Once food is eaten, it splits into its constituent nutrients such as carbohydrates, proteins and fats. Our body is smart enough to recognize each of these from the profound mixture and treats them separately. Carbohydrates, proteins and fats undergo a different breakdown process requiring varying amounts of energy.

From some of our previous blogs we now know that daily energy expenditure consists of three components: basal metabolic rate, diet-induced thermogenesis and the energy cost of physical activity.

What is this diet induced thermogenesis? How exactly is the food we ingest affecting the way we burn our calories?

Diet-Induced Thermogenesis (DIT) is the production of heat that occurs after eating –which contributes to the body’s resting metabolic rate. DIT is also called the thermic effect of food. Once food is eaten/ ingested , certain processes are kick-started in the body to support the ingestion, digestion, and absorption of nutrients as well as transport of blood. These processes require energy and heat is generated. This phenomenon of energy-burning associated with food consumption is the thermic effect of food.

While BMR contributes up to 70% of the energy expenditure and physical activity up to 20%,  DIT  is the smallest component accounting for only 3-10% of daily energy expenditure. However, it can play a major role in the development and/or maintenance of obesity.

How to increase te DIT

Two main factors affect the thermogenesis:

  • Frequency of meal consumption
  • Type of nutrient ingested

Frequency of meals – Like discussed under BMR, eating the same amount of calories across smaller frequent meals boosts the thermogenic effect compared to three large meals.

Type of nutrient– Every ingested nutrient leads to formation of energy molecules called ATP (Adenosine triphosphate. It’s a storage form of energy). But these energy molecules are formed at a cost (i.e. energy released in the form of heat).

Based on this,

  • Protein seems to require the most amount of energy in the formation of energy resulting in higher DIT value of 20-30%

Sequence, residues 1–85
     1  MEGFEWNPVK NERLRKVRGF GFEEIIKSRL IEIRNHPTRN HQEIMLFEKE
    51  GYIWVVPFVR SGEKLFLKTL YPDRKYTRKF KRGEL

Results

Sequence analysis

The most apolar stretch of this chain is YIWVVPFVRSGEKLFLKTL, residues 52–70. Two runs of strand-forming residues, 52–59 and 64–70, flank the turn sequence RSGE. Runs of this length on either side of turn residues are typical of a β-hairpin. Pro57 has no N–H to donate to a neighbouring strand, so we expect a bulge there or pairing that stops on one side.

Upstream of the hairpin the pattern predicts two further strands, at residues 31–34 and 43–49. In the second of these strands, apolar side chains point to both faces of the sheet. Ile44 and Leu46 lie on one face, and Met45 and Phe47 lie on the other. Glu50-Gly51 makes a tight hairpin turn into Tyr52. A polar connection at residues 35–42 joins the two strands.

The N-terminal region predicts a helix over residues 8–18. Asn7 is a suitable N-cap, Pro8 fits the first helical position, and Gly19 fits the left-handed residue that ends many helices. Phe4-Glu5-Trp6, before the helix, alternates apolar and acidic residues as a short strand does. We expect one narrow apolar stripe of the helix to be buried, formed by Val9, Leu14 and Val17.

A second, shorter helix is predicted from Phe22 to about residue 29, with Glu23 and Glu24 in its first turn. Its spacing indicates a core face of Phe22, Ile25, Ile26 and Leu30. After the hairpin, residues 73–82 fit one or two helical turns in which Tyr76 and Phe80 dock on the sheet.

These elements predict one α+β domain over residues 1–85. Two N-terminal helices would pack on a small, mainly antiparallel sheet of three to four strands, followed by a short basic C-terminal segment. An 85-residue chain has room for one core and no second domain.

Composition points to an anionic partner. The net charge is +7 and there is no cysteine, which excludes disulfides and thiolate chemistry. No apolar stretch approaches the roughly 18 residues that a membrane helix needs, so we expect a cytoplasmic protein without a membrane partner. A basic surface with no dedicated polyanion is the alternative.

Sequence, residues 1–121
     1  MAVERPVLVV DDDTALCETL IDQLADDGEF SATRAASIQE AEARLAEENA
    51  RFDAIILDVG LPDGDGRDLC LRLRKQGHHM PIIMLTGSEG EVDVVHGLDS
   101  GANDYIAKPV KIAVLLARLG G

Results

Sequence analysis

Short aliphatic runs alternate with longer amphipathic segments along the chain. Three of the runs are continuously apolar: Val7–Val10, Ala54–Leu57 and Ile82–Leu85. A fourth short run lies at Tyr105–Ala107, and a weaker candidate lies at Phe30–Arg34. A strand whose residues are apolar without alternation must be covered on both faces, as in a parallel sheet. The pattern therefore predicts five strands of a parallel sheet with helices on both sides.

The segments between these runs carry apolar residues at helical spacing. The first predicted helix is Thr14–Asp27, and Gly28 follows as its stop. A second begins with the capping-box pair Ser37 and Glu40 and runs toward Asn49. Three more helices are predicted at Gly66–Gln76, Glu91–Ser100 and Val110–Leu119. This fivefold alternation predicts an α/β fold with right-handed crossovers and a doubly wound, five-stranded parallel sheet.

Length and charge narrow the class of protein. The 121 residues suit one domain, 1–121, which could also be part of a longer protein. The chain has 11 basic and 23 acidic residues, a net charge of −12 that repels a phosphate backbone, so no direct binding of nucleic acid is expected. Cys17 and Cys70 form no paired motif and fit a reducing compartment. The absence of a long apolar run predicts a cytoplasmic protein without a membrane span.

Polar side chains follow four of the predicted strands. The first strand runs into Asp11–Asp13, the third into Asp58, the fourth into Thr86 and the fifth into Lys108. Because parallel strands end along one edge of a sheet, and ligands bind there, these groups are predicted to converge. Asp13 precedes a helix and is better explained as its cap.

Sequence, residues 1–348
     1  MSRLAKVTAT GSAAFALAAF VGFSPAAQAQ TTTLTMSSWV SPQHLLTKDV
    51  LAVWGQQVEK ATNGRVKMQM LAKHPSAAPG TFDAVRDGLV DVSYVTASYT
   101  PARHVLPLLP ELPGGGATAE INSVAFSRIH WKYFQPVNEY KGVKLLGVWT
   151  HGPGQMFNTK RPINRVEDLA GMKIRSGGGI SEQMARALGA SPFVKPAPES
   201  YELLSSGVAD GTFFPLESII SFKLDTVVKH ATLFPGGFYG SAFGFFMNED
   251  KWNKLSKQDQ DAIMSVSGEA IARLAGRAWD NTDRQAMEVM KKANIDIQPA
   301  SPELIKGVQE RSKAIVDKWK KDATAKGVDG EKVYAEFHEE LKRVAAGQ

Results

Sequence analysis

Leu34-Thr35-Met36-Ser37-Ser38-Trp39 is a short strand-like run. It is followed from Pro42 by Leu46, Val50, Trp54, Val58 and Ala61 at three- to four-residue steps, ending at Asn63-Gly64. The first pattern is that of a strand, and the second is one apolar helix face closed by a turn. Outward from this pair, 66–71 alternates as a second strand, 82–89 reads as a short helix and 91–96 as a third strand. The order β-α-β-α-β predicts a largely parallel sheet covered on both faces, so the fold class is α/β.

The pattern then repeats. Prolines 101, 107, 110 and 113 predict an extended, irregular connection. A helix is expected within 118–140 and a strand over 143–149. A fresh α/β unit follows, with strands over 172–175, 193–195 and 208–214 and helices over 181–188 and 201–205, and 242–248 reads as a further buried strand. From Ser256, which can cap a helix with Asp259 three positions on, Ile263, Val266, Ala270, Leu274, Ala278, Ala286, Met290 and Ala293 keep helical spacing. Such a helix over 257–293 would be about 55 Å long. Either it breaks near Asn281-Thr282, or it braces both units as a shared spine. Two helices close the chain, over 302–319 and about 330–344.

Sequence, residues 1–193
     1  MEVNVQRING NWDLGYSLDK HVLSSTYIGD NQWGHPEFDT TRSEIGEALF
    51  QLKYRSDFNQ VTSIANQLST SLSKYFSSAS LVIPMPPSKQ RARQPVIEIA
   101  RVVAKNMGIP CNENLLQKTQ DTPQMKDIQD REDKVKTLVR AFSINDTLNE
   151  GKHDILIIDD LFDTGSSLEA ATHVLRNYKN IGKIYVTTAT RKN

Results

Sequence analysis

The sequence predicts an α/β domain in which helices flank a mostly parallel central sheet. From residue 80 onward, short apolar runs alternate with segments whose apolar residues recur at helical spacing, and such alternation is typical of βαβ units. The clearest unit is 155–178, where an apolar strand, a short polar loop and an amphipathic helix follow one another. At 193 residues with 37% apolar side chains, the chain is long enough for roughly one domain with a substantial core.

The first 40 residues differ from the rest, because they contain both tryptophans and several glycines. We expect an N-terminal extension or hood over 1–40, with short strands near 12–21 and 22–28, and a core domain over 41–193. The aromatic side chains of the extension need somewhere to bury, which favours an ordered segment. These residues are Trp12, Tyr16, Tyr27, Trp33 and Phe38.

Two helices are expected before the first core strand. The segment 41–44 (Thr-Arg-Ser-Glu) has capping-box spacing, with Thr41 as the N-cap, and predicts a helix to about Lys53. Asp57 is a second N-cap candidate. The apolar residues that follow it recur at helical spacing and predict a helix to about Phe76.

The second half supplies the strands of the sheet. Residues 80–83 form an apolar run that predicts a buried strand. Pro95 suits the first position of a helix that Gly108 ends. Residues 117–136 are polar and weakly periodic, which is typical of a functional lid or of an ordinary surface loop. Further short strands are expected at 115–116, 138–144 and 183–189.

• Next energy requiring nutrient is carbohydrate causing an increase in metabolic rate by  5 to 10%
  • Fat causes the least wastage of energy with a DIT value of 0-3%

In simple words, it means that if we ingest more proteins, more calories will be burned in order to form the ATP molecules which is favourable for weight loss.

Protein rich meals tend to increase the metabolic rate. Also, food rich in protein provide more satiety or feeling of fullness. Efforts to increase or even maintain higher percentage of fat free /muscle/lean body mass require careful selection of good quality protein in the diet. Hence, we can say that protein plays a key role in body weight regulation through satiety related to diet-induced thermogenesis.

Although this may seem as a complicated concept for the common man to understand, the take home message is that different nutrients trigger the metabolism to varying extent and amongst them protein seems to have the most favourable effect by increasing metabolic rate. So the energy expenditure can be increased by altering this component of the diet.


Stay healthy with eKincare – your personal health manager!



Author: drpoojachhawcharia

Dr Pooja Chhawcharia is the Senior Nutritionist at eKincare with over 7 years of experience in Nutrition education, diet counseling and research. She is a Registered Dietician with the Indian Dietetic Association and Certified Diabetes Educator recognized by the International Diabetes federation . She is also interested in ancillary sciences such as Yoga and Naturopathy.

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